Persuasion. Isn’t that what communication is all about? Effectively and ethically applying Richard Cialdini’s six principles of persuasion can make all the difference in whether a message has impact, or not. The six principles – reciprocity, scarcity, authority, consistency, liking, and consensus – are motivational levers. If we have a deep understanding of our target audience, we can calibrate them for maximum effect.
In this podcast, I discuss stakeholder analysis and the principles of persuasion as I reflect on my career as a communicator.
Stefanie Potgieter graduated from our program in 2015 and now works as a senior program manager with the Secure AI Foundations team at Amazon. Her role has several different components. She is the Business Operations Manager for an organization of 5,000+ employees worldwide. Her responsibilities also include executive communications, helping to define and execute a communication strategy for the organization’s vice president.
We asked Stefanie about communication and culture at Amazon and her jobs since graduation. She offers some excellent advice for every communicator, wherever they are on their career path.
College of Professional Studies students have a firm grounding in experiential learning through capstone projects with corporate partnerships. Recently, we tried a new twist on the capstone experience.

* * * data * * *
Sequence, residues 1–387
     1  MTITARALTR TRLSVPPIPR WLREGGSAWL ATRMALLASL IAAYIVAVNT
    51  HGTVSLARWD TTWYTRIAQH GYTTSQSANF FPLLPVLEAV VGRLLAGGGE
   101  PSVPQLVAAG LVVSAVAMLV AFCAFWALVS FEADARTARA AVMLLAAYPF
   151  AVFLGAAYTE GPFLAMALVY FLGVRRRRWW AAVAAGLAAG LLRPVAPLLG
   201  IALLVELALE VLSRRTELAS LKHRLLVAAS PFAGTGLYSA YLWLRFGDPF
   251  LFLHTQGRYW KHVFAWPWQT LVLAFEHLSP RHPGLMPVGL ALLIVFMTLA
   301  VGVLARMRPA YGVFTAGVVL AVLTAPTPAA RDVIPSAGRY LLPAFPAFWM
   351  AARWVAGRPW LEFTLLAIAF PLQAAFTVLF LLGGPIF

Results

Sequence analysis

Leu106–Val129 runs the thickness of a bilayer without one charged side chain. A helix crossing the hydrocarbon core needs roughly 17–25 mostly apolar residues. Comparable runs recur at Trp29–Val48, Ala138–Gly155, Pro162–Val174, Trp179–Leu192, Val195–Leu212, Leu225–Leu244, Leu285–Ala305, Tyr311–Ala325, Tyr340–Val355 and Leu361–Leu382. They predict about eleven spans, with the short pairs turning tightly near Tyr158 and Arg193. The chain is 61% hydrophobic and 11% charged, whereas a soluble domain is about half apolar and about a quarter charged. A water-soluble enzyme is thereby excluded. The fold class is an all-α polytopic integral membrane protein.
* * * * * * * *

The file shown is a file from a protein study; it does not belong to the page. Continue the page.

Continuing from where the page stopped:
Students from two master’s programs, Corporate and Organizational Communication and Nonprofit Management, collaborated on a multi-dimensional project for one sponsor — Fashion Revolution.
I recently had the opportunity to interview Katie Delahaye Paine, who has been a pioneer in the field of communication and PR measurement for three decades. You can read some her contributions to the profession at the bottom of this post.
Students in our program consider her book Measure What Matters an excellent and practical introduction to assessment methodology.
Here’s what Katie had to say about measurement and why it matters for communicators in all functional areas — and why the ability to demonstrate communication impact is a key to career advancement in our digital era.
In December 2018, I began my 21-hour journey from Boston to Singapore to embark on a two-year international assignment. Until this point, my career had been built on corporate communications roles, working at my company’s U.S. headquarters.
In my new role, I would be responsible for building the company’s reputation through digital media in Asia Pacific (APAC), including Australia, China, India, Indonesia, Japan, Korea, Malaysia, The Philippines, Singapore, Taiwan, Thailand and Vietnam.
In APAC, I spent a lot of time listening and learning to get a full understanding of the current online activities that were either diluting, damaging or improving the company’s reputation in each country. From there, it was my job to identify how to harmonize digital content creation and optimize social media channels to drive consistency in alignment with global brand principles.
This experience has changed the way I view communications in three ways: